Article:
The Kitchn’s Cooking School
Lesson 8: Tofu and Tempeh
I almost skipped the tofu and tempeh lesson. I’ve never had tempeh, but I was still curious about cooking tofu, despite it not being my favorite ingredient. I’ve had tofu plenty of times in my life. I even tried to cook tofu once in France because I wanted to keep a vegetarian kitchen. I don’t remember what I did with it, but obviously it was not disastrous or delicious enough to have seared itself into my brain.
I only like tofu when it’s smothered in a sauce with strong flavors or has been cooked in an “unhealthy” way. I don’t mind deep-fried tofu with some sweet-and-spicy dipping sauce topped with crushed peanuts, for example. I love silken tofu drowned in chili Sichuan sauce. That kind of dish is even better when you have minced meat in it. I grew up eating gang jeud taohu moo sab (tofu and minced pork soup), which is mild in flavor. When I was seriously considering skipping this lesson because none of the recipes interested me, I came to a realization that the West likes to treat tofu only as a healthy ingredient or meat substitute.
OK, I’m not being entirely fair. The recipes in this lesson are intended for vegetarians. None of them sound bland or gross. I even considered making tofu chickpea stir-fry with tahini sauce because I love both chickpeas and tahini. But as a non-vegetarian who loves chicken pot pie, I see no need to make vegan tofu and vegetable pot pie. I love vegetarian soup, curry, and stew, but my preferred non-meat protein in a curry, for example, is paneer.
But tofu doesn’t only have to be in vegetarian or “healthy” dishes. It can be just another protein, another texture, and another flavor in a recipe. It can exist alongside meat in a dish, too. So if you want to cook with it, don’t lock it up in the health-food cage. God knows the sad pale slab needs some character.
So here’s a recipe for taohu pad prik songkreung (literally, tofu stir-fry in chili sauce) from Voice TV’s Thai-language Cozy Cooking show. The word “songkreung” means to decorate or dress something with sauce or topping. The recipe may be a stir-fry, but it has a consistency of a thick sauce. In the video, the chef only gives us the ingredients, not their amounts, and shows us how to make the dish. So the recipe below is from my own measurements. This was my first time making the recipe, and I tasted as I went along. It came out well, although I’ll mention along the way what I might do differently in the future.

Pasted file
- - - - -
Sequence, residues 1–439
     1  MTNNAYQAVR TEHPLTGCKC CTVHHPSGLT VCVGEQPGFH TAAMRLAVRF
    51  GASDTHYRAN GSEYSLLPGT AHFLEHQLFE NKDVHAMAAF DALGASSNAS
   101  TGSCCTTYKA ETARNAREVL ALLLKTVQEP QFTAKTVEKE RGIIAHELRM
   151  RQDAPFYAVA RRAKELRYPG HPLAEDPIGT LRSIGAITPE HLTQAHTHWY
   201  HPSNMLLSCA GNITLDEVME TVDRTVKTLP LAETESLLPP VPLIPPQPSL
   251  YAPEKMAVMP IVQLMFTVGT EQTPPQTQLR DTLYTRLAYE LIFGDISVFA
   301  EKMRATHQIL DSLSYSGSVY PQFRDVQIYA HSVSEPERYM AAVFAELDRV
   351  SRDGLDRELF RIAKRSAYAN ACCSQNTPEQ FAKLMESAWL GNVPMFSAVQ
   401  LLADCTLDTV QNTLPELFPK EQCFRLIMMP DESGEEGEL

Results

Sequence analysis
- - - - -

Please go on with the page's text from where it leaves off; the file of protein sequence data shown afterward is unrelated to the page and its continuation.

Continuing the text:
Tofu and Pork Stir-fry in Chili Sauce
Serves 4 to 6
1 Tbsp canola oil
2 cloves garlic
340 grams [0.75 lb.] minced pork
1 Tbsp chili paste (nahmprik pao) [This paste is one of my favorite chili pastes. It’s a little bit hot, a little bit sweet, with a hint of sourness. You can use it as a dip. Just squeeze in some lime juice, if you want a little more tartness, and eat it with khao kriab goong, or shrimp-flavored rice crackers]
2 Tbsp soy sauce
4 tsp fermented soybean paste (taojiao) [In Thailand, there’s organic fermented soybean paste now. The Lumlum brand is American-, Thai-, and Japanese-certified organic. It’s triple the price of the regular kind but still affordable at 69 baht a jar, if you don’t use it that often.]
280 grams [0.62 lb.) silken tofu, cut into medium-sized cubes
1/2 Tbsp tapioca starch
Thai chili powder
1 large scallion, finely chopped
1. Heat oil in the pan over medium heat. Once the oil is hot, stir in some garlic.
2. When the garlic begins to release its aroma (don’t wait for it to brown), add the pork to the pan and sprinkle it with salt. If you see the pork getting too dry, pour in some water.
3. When the pork is almost done, stir the chili paste into the pork. Pour in a bit more water.
4. Add soy sauce and fermented soybean paste. Mix well before adding some more water. [Adjust the amounts of soy sauce and fermented soybean paste as you cook as the recipe requires you to keep adding water. The amounts listed above are the final measurements of the two ingredients. Next time, I might try using only 3 teaspoons fermented soybean paste and 3 or 2 1/2 tablespoons soy sauce intead.]
5. Add the tofu and coat it with the sauce. Careful of breaking the tofu as it’s very delicate. The chef in the video suggests you gently toss the pan to cover the tofu with the sauce, but I used my spatula very gently, and it was fine.
6. Add the tapioca starch and mix well.
7. Lower the heat and add any amount of chili powder.
8. If it’s too dry, add some more water and let it reduce until you get the desired consistency. If it’s too watery, cook it a little longer. Again, you want it to be like a thick sauce.
9. Before you take it out of the pan, stir in the chopped scallion, but don’t let it cook too much. You can also save some for garnish. Serve warm with rice.
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